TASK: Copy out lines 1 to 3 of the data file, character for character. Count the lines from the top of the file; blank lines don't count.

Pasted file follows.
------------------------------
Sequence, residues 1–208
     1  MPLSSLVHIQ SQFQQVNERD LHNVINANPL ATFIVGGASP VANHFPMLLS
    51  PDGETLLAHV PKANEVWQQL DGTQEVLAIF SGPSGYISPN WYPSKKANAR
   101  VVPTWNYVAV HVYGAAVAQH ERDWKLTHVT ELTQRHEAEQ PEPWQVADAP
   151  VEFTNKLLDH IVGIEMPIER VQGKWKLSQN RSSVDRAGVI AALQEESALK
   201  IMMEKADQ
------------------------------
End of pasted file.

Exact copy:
Sequence, residues 1–208
     1  MPLSSLVHIQ SQFQQVNERD LHNVINANPL ATFIVGGASP VANHFPMLLS
    51  PDGETLLAHV PKANEVWQQL DGTQEVLAIF SGPSGYISPN WYPSKKANAR